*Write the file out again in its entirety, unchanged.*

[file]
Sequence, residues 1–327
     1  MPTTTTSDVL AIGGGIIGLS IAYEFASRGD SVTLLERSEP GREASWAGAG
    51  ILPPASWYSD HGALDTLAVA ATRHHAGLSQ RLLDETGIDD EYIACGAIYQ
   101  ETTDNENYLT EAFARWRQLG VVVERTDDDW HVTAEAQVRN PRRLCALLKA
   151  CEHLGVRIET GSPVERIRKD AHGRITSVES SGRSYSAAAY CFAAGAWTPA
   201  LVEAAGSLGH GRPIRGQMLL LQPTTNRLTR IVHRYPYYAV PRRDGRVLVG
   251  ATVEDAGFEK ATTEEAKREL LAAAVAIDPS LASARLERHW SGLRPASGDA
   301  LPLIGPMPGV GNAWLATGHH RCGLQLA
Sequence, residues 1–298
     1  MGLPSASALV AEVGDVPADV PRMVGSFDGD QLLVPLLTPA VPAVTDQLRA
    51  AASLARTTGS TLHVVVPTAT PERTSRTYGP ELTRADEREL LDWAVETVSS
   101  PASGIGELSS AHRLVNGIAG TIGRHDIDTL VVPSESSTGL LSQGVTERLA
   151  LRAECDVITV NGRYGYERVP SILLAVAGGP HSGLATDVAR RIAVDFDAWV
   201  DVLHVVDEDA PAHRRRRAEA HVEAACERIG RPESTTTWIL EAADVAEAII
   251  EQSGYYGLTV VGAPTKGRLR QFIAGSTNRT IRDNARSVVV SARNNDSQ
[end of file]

Sequence, residues 1–327
     1  MPTTTTSDVL AIGGGIIGLS IAYEFASRGD SVTLLERSEP GREASWAGAG
    51  ILPPASWYSD HGALDTLAVA ATRHHAGLSQ RLLDETGIDD EYIACGAIYQ
   101  ETTDNENYLT EAFARWRQLG VVVERTDDDW HVTAEAQVRN PRRLCALLKA
   151  CEHLGVRIET GSPVERIRKD AHGRITSVES SGRSYSAAAY CFAAGAWTPA
   201  LVEAAGSLGH GRPIRGQMLL LQPTTNRLTR IVHRYPYYAV PRRDGRVLVG
   251  ATVEDAGFEK ATTEEAKREL LAAAVAIDPS LASARLERHW SGLRPASGDA
   301  LPLIGPMPGV GNAWLATGHH RCGLQLA
Sequence, residues 1–298
     1  MGLPSASALV AEVGDVPADV PRMVGSFDGD QLLVPLLTPA VPAVTDQLRA
    51  AASLARTTGS TLHVVVPTAT PERTSRTYGP ELTRADEREL LDWAVETVSS
   101  PASGIGELSS AHRLVNGIAG TIGRHDIDTL VVPSESSTGL LSQGVTERLA
   151  LRAECDVITV NGRYGYERVP SILLAVAGGP HSGLATDVAR RIAVDFDAWV
   201  DVLHVVDEDA PAHRRRRAEA HVEAACERIG RPESTTTWIL EAADVAEAII
   251  EQSGYYGLTV VGAPTKGRLR QFIAGSTNRT IRDNARSVVV SARNNDSQ